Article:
It has become a cliché to say that “everything changed” after 9/11, but for two great American intellectuals — the sociologist Edward Shils and Daniel Patrick Moynihan, the former New York senator — recent events would have represented the eternal return of the same. Both argued that in the past, the United States has taken real foreign threats and vastly exaggerated the menace they represented, spinning out conspiracy theories. These justified the creation of a state based on secrecy that undermined American liberties and the free exchange of information, the fundamental sources of success for the United States as a society.
[Shils] also argued that American democracy, in contrast to the historically aristocratic orders in Europe, was based on a principle of publicity in public affairs — indeed, it “luxuriated” in its wide-open culture. That openness made the idea of external threat and internal subversion especially shocking: “In America, more excitable temperaments and a tradition of violence in expression and energy in action have prompted a passionate response to the threat of secret machinations. A weaker sense of privacy than that of the Europeans, as well as a “flimsier attachment to corporate bodies,” made Americans seek their identity in great national symbols, leading to a hyperpatriotism and a tendency to see things in black and white.
We're too young to perhaps understand what a real threat Communism was, but this may be less so the case if the US goverment had engaged in a more "sunshine-friendly" intelligence policy.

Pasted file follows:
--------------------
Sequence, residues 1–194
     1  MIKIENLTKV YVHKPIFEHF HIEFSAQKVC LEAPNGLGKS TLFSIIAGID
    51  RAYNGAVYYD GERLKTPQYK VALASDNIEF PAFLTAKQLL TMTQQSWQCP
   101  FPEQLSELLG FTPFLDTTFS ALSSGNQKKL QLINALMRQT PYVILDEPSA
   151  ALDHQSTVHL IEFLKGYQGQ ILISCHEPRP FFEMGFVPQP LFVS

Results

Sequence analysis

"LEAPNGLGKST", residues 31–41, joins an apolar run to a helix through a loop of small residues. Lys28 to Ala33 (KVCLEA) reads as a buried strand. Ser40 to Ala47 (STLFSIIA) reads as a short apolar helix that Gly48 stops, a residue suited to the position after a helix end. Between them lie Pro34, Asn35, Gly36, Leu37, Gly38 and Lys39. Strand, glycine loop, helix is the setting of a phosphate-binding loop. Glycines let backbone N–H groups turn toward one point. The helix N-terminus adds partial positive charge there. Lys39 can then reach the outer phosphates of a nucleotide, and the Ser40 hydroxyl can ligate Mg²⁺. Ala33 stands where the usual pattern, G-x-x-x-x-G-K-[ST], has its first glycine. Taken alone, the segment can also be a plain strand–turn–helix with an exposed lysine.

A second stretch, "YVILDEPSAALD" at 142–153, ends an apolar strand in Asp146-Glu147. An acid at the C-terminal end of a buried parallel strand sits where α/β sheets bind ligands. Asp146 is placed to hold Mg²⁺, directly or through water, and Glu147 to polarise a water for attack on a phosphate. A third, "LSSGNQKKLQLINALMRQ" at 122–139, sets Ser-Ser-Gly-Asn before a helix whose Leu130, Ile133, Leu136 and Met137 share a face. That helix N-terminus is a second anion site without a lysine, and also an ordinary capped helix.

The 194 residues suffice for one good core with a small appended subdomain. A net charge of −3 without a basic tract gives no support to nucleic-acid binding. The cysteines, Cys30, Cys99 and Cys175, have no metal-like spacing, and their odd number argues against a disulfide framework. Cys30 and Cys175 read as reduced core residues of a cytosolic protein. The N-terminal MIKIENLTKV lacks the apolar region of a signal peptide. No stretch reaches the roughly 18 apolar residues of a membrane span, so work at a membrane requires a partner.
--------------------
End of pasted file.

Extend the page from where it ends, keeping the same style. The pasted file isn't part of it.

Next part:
The Venona intercepts of decrypted Soviet communications from the late 1940’s, declassified only after the cold war ended, showed without a doubt that there had been a major Soviet spy network in the United States. The intercepts proved that Julius Rosenberg was guilty of atomic espionage, and that Whittaker Chambers’s charges that Alger Hiss was a Soviet agent were correct. Defense of Hiss had of course become a cause célèbre among the liberal intelligentsia of the 1950’s. And yet security officials within the government all along had conclusive evidence of his spying, and of the true scope of the Soviet conspiracy. But they failed to reveal what they knew, even to President Truman. This failure, Moynihan said, allowed the public imagination to supplement real knowledge with destructive fantasies, which in turn called into being a generation of anti-anti-Communists. This is a polarization with which we are still living today.
[HT: The Agitator]



Red and Blue Makes Purple or What's Old is New 

While no reasonable person thinks that states are absolutely politically red or blue, we may be overstating the case of a polzarized America. In a new working paper, Ed Glaeser and Bryce Ward (both Harvard) argue that we are historically no more divided than int he past.

In particular, they take on what they say are five commonly perceived myths about American political geography:

1.) America is divided into two politically homogenous regions
2.) The two parties are more spatially segregated than in the past
3.) America's political geography is more stable than in the past
4.) America's cultural divisions are increasing
5.) America is becoming more politically polzarized

The abstract:
The division of America into red states and blue states misleadingly suggests that states are split into two camps, but along most dimensions, like political orientation, states are on a continuum. By historical standards, the number of swing states is not particularly low, and America’s cultural divisions are not increasing. But despite the flaws of the red state/blue state framework, it does contain two profound truths. First, the heterogeneity of beliefs and attitudes across the United States is enormous and has always been so. Second, political divisions are becoming increasingly religious and cultural. The rise of religious politics is not without precedent, but rather returns us to the pre-New Deal norm. Religious political divisions are so common because religious groups provide politicians the opportunity to send targeted messages that excite their base.